Scott Lucas & The Married Men, Jr. Astronomers
1043 Virginia Ave #215
Indianapolis, IN, 46203
Doors 7:00 PM / Show 8:30 PM
This event is 21 and over
Watch & Listen
Rowdy, Raucous, Longhair Mississippi Glam Rock.
That's the sound of Easy, The Week's long-awaited followup to their breakthrough al- bum, Dear Bo Jackson. Recorded at Ardent Studios in Memphis — a place filled with the ghosts (and gear) of the Replacements, ZZ Top, and Big Star, all of whom traveled to Ardent to create their own landmark albums — Easy finds The Weeks doubling down on a mix of groove, grit, and guitars. It's swaggering and sharply-focused, shining new light on a band of brothers who, although still in their mid-20s, have already logged a decade's worth of sweaty gigs together.
If Easy bears resemblance to the raw, rowdy attitude of the The Weeks' live show, it's because the album was written at the end of a busy, five-year period that found the group rarely leaving the road.
"We moved to Nashville in 2010," remembers frontman Cyle Barnes, who formed the band in Jackson, Mississippi, with his three longtime bandmates: drummer (and twin brother) Cain Barnes, guitarist Sam Williams, and bass player Damien Bone. "We spent 2011 to 2015 touring. November 2015 was the first time we ever spent an entire month in Nashville."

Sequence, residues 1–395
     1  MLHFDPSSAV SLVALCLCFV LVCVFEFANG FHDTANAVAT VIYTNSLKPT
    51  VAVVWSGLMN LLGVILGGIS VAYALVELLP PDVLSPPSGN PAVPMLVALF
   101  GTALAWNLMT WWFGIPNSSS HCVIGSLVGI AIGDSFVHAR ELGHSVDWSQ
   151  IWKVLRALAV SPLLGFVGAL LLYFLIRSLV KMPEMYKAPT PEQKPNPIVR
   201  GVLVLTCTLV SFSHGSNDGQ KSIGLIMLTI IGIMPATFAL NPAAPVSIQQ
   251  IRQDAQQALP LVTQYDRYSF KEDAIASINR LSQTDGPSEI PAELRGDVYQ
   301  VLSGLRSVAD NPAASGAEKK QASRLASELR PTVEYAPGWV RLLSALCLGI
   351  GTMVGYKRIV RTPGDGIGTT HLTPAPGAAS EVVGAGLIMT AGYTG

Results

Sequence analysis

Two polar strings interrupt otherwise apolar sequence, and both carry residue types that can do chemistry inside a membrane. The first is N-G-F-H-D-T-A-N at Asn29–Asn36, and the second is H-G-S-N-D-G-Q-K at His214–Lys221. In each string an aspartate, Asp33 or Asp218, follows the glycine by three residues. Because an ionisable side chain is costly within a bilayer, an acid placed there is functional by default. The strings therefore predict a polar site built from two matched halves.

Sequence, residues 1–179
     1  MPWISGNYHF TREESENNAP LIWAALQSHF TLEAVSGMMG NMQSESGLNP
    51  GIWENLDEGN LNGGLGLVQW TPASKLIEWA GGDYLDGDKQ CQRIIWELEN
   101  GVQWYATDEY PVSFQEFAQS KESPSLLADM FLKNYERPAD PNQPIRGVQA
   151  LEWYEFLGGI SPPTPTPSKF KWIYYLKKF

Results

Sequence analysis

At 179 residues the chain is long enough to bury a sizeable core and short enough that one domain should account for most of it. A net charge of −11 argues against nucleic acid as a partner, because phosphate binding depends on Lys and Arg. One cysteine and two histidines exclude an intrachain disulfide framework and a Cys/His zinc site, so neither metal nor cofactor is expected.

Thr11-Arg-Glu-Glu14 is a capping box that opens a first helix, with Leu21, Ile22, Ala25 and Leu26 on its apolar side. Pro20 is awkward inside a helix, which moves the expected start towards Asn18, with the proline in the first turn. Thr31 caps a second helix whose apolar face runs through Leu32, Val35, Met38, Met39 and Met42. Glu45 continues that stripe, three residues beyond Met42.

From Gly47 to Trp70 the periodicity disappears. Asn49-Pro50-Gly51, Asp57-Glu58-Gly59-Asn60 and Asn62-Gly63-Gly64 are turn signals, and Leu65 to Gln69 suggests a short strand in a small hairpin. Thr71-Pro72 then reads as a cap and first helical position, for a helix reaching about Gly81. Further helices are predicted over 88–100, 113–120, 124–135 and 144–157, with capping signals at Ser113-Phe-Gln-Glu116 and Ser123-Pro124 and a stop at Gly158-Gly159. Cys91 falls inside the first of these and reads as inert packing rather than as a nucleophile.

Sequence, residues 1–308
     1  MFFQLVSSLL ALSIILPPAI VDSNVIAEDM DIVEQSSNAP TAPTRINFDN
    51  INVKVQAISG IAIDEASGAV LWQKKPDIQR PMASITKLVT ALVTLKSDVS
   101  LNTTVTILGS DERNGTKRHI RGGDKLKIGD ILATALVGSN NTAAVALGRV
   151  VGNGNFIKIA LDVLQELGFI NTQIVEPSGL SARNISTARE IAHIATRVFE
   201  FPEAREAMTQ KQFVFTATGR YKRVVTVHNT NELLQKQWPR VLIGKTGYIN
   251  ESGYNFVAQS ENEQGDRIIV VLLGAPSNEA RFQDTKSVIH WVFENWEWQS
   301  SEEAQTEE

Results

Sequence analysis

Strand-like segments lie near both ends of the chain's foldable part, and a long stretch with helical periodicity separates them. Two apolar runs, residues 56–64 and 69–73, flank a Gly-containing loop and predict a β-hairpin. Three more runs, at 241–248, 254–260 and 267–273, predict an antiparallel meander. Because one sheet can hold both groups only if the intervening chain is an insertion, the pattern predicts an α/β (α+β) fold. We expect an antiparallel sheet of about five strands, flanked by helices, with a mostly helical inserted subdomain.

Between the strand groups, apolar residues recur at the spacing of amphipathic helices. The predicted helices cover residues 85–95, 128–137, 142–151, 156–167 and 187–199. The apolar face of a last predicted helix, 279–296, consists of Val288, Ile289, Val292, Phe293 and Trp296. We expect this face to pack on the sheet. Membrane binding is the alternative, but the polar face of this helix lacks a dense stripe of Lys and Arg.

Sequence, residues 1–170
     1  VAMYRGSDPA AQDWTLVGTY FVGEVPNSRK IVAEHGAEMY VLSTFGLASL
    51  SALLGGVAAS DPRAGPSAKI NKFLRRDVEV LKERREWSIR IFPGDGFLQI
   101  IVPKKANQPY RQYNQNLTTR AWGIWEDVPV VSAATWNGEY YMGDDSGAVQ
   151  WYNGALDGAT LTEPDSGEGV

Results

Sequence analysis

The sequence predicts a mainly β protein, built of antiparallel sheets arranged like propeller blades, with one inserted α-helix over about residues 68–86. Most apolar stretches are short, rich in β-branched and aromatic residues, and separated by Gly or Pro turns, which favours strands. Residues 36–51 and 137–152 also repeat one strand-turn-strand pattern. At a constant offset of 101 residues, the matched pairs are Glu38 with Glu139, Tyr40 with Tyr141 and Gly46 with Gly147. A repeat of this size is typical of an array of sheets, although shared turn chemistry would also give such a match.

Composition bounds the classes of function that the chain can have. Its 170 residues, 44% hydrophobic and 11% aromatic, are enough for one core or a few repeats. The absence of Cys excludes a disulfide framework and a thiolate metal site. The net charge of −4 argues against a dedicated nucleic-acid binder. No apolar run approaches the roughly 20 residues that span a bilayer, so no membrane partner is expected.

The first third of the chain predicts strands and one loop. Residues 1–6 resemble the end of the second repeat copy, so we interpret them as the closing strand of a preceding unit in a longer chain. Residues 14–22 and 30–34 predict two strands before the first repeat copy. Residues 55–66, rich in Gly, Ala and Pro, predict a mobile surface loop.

Those years on the road were eye-opening for The Weeks, all of whom were just teen- agers when they began playing together in 2006. By their early 20s, the guys were tour- ing Europe with Kings of Leon, promoting the newly-released Dear Bo Jackson in front of 20,000 people each night. Back in America, The Weeks continued playing their own club shows, too. The experience taught them how to bridge the gap between arena shows and smaller gigs. In short, it taught them how to be themselves, no matter the audience.
Appropriately, Easy consolidates the band's strengths. While the songs on 2013's Dear Bo Jackson were thick with horn arrangements, strings, and guest appearances, Easy is a leaner, louder beast. The Weeks began working on its 11 tracks after returning home from a long tour and taking some time to rest, reflect, and regroup. Newly ener- gized, they began writing songs at Sam and Damien's home in Nashville, with Cyle and Williams splitting the bulk of the songwriting duties. The whole process relied on col- laboration, with the full band fleshing out the newer songs.
"Everyone would come to the house, make food, hang out, and play music 'til four in the morning," Williams remembers. "We wrote 25 songs, then picked our favorites for the final tracklist.
Easy is driving and direct, captured in punchy sound by producer Paul Ebersold. The goal was to clear out any unnecessary clutter, focusing instead on The Weeks' biggest strengths: the elastic power of Cyle's voice, capable of a crooning drawl one minute and a roof-raising howl the next; the range of Sam's guitar playing, from Motown-influenced chord stabs to garage-rock blasts of sound; and the interlocking rhythms of Damien and Cain. They threw some curveballs into the mix, too, riding a lovely, lazy, organ-heavy groove on the southern soul song "Hands on the Radio" and punctuating songs like "Ike" with a small horn section. Along the way, they made good use the studio's vintage gear, finding room on a handful of songs for Elvis Presley's microphone, Big Star's snare drum, the "Green Onions" organ from Booker T. & the M.G.'s.